In a hospitality operation, some information is used for more than one purpose.
The name of a guest registering in a hotel is an example of information that
might be used for room reservation, registration, guest history, housekeeping,
and accounting purposes. Similarly, the name of a food item might be used for
receiving, storing, issuing, recipes, production, inventory, and sales control.
With a computer system it is feasible, sensible, and advantageous to use
software that is integrated. In integrated software systems, the objective is to
record an item of data only once and then use it in every possible way to provide
information for planning and control purposes. If the item of data had to
be entered into the computer each time it was wanted, errors could be made.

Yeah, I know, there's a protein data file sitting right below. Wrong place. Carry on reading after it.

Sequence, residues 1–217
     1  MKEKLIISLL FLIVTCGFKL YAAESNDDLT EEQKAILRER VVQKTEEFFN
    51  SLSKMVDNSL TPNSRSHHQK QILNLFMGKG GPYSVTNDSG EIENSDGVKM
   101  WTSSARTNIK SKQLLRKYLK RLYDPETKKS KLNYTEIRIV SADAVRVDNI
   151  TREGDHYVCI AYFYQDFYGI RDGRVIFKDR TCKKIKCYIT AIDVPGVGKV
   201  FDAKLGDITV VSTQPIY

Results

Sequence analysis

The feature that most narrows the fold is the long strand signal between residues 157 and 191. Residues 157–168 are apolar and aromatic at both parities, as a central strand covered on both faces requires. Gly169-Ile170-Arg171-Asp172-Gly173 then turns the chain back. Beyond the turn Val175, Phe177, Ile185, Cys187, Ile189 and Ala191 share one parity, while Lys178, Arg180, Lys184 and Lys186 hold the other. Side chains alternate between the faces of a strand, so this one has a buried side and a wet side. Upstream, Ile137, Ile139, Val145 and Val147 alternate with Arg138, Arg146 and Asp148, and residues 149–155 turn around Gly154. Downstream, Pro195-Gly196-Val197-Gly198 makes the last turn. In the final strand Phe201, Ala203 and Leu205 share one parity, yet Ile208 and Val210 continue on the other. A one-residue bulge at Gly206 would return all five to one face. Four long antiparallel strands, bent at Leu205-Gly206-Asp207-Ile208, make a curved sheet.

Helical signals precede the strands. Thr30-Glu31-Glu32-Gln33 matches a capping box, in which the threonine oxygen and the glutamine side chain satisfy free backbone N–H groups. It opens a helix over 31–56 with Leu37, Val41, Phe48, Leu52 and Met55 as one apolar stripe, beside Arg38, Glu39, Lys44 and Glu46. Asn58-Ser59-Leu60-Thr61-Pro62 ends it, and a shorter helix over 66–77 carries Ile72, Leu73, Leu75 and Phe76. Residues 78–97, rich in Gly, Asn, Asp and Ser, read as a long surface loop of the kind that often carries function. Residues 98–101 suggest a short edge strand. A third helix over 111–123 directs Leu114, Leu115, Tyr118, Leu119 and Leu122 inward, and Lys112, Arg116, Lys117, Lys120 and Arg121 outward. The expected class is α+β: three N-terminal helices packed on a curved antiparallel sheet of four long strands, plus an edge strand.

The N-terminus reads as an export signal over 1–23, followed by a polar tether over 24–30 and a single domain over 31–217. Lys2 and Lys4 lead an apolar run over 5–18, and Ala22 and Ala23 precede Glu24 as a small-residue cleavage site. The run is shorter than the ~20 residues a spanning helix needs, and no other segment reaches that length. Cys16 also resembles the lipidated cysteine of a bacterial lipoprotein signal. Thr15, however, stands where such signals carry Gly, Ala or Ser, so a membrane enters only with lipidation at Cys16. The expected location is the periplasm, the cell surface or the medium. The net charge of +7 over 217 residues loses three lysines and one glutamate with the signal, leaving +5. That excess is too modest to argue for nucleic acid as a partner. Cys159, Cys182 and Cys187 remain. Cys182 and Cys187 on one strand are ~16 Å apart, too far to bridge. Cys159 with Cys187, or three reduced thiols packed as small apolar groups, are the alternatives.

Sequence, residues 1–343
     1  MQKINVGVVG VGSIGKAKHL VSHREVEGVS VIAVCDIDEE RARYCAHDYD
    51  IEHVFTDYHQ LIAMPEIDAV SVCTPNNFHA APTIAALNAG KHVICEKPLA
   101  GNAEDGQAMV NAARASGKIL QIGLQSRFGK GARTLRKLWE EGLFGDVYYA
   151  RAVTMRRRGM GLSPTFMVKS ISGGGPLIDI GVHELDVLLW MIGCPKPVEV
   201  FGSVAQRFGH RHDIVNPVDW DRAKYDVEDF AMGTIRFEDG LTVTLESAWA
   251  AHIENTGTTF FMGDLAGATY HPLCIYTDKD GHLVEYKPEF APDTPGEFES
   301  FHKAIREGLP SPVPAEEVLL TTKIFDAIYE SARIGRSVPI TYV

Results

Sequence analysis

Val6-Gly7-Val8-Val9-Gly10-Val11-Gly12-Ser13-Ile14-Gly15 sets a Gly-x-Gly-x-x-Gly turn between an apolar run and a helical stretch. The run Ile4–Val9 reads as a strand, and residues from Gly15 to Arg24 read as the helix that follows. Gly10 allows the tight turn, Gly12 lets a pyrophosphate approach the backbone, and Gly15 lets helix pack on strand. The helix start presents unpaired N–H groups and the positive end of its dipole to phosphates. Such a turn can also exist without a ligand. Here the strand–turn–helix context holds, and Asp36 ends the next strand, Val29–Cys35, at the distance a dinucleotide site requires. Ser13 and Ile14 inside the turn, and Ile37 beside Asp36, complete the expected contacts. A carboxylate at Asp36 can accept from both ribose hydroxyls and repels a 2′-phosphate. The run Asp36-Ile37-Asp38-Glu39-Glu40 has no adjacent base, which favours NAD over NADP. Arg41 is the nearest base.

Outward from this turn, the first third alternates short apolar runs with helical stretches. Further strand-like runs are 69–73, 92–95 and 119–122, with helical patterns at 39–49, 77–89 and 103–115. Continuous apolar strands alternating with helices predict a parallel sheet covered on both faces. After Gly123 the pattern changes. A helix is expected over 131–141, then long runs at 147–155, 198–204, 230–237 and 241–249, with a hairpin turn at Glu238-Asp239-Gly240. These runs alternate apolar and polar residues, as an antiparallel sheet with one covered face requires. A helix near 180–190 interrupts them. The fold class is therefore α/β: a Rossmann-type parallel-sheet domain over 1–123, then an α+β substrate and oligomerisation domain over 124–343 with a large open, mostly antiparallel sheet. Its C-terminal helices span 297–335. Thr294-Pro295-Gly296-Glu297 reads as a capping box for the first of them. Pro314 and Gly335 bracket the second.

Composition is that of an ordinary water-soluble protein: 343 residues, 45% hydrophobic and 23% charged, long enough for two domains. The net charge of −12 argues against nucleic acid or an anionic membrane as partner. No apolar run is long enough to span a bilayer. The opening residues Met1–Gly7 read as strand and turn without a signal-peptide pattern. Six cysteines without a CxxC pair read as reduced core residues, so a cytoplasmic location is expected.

Correcting errors costs time and money.
One could consider a hospitality operation as an entire system and have a
completely integrated package of computer software to control and plan every
aspect of its operation. However, a completely integrated software package to
handle all this would be costly and complex, would probably incur higher training
costs because of its complexity, and would create severe maintenance and
data security problems. Further, if one part of the system failed, it would create
difficulties in all departments or areas. For these reasons, a small operation might
find it difficult to justify a completely integrated system financially.